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Health Information Management

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As part of the requirements under the Health Insurance Portability and Accountability Act of 1996, the covered entity must receive a written agreement from each of its business associates prior to disclosing any protected health information. Question 1: Does HIPPA affect the patient’s access to his or her medical records? If so, describe the effect and the procedure for obtaining access. Answer: Yes, HIPPA does affect the patient’s access to his or her medical records. Patients have the right to access their health information and control the use and disclosure of such information.

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Even though it is not required by HIPPA to have a written notice to obtain medical records, it is a good idea to provide a written request to obtain access to patients’ records. Question 2: Under what circumstances can personal health information be used for purposes unrelated to health care? (Hint: There should be at least 12 circumstances. ) Answer: The Privacy Rule permits use and disclosure of protected health information, without an individual’s authorization or permission, for 12 national priority purposes.

Starting with: if Required by Law; for Public Health Activities; if Victims of Abuse, Neglect or Domestic Violence; for Health Oversight Activities; for Judicial and Administrative Proceedings; for Law Enforcement Purposes; for Decedents; for Cadaveric Organ, Eye, or Tissue Donation; for Research; for Serious Threat to Health or Safety; for Essential Government Functions and lastly for Workers’ Compensation. Question 3: Are there requirements for covered entities to have written privacy policies?

If so, what has to be addressed in the policy? Answer: Yes, covered entities are required to develop and distribute a notice that provides a clear explanation of privacy policies. The notice must state the covered entity’s duties to protect privacy, provide a notice of privacy practices, and abide by the terms of the current notice. The notice must describe individuals’ rights, including the right to complain to HHS and to the covered entity if they believe their privacy rights have been violated.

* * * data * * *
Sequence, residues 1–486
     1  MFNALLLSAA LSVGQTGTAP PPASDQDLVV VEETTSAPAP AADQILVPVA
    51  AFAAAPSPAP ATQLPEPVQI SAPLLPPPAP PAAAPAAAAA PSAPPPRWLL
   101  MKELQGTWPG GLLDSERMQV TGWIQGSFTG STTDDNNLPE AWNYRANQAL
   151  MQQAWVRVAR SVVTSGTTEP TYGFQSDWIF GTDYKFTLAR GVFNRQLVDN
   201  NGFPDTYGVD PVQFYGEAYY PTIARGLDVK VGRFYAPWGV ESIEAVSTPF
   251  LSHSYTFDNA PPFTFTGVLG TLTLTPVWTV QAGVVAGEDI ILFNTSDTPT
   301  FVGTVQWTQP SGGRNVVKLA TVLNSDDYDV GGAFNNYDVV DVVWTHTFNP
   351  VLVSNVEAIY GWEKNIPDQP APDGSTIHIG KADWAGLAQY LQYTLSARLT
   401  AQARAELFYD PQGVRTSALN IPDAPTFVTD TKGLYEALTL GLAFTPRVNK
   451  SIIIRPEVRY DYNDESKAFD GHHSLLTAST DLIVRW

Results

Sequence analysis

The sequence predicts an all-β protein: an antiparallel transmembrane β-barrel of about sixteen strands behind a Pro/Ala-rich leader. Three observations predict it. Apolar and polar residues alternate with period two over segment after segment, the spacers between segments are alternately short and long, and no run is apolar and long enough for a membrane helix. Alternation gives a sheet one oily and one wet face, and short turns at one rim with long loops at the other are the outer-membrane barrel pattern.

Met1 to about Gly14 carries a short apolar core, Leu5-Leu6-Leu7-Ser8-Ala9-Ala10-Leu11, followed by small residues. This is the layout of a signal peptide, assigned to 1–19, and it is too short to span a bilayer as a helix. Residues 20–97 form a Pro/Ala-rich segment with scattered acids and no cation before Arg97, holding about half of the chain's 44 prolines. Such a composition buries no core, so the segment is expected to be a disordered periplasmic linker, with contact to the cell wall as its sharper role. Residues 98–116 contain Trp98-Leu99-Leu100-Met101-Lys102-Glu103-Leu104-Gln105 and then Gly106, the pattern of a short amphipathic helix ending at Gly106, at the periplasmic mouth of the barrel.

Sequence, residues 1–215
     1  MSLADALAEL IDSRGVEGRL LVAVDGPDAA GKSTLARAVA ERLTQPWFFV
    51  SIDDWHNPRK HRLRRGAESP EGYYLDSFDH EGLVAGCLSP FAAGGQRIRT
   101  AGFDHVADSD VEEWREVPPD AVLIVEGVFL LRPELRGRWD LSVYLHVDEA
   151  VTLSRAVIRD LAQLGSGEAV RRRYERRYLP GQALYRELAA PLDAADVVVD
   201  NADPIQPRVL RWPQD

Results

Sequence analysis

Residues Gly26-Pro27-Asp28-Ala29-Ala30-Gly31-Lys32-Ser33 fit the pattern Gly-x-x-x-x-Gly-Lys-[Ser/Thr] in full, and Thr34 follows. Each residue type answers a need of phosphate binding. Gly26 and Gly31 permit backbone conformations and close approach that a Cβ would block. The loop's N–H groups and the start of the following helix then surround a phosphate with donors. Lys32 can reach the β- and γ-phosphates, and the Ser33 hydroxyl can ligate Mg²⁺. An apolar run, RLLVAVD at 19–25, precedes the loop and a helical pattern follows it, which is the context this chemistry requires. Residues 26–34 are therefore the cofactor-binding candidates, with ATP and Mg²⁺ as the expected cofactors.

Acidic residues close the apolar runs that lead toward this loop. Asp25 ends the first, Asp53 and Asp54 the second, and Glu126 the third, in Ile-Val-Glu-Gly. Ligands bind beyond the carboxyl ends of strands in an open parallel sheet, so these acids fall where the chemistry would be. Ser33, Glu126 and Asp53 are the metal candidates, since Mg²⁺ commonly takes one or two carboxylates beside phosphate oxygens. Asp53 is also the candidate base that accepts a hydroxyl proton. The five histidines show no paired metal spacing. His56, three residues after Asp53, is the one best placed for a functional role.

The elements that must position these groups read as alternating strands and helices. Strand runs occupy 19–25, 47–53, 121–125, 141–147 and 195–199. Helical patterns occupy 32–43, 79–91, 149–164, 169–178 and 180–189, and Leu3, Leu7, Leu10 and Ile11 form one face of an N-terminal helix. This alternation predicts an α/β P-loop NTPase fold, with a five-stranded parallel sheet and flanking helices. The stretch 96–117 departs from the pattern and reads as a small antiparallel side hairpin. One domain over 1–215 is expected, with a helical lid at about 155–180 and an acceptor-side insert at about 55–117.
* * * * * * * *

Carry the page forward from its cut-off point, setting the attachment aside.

The notice must include a point of contact for further information and for making complaints to the covered entity. Covered entities must act in accordance with their notices. Question 4: How will employees in the medical office have to be trained regarding privacy (for example, who is responsible for training and record keeping)? What is required if an employee doesn’t follow the privacy policy? When must employees be trained? In what manner? Answer: The employers are the ones responsible for the training. They can appoint a specific trained individual to do the training.

Medical office employees must be trained to understand that HIPPA is designed to protect the privacy of patients and their protected health information. Those in violation of these policies can be disciplined up to and including termination. Consequences may vary from company to company, and should be clearly stated in the employee policies handbook. Employees should be trained as soon as possible. The manner of the training should be the one best suited to the employer and employee, in order for the employee to be the best he/she can be at that particular job so success can be achieved.

Bibliography Page

Centers for Medicare & Medicaid Services, 13 Nov. 2010 <http://cms.gov/HIPAAGenInfo/>.
“Health Information Privacy” United States Department of Health & Human Services. 13 Nov. 2010 <http://hhs.gov/ocr/privacy/hipaa/understanding/consumers/index.htlm>.
“Health Information Privacy” United States Department of Health & Human Services. 20 Nov. 2010 <http://hhs.gov/ocr/privacy/hipaa/understanding/srsummary.html>.

Cite this Health Information Management

Health Information Management. (2017, Feb 23). Retrieved from https://graduateway.com/health-information-management/

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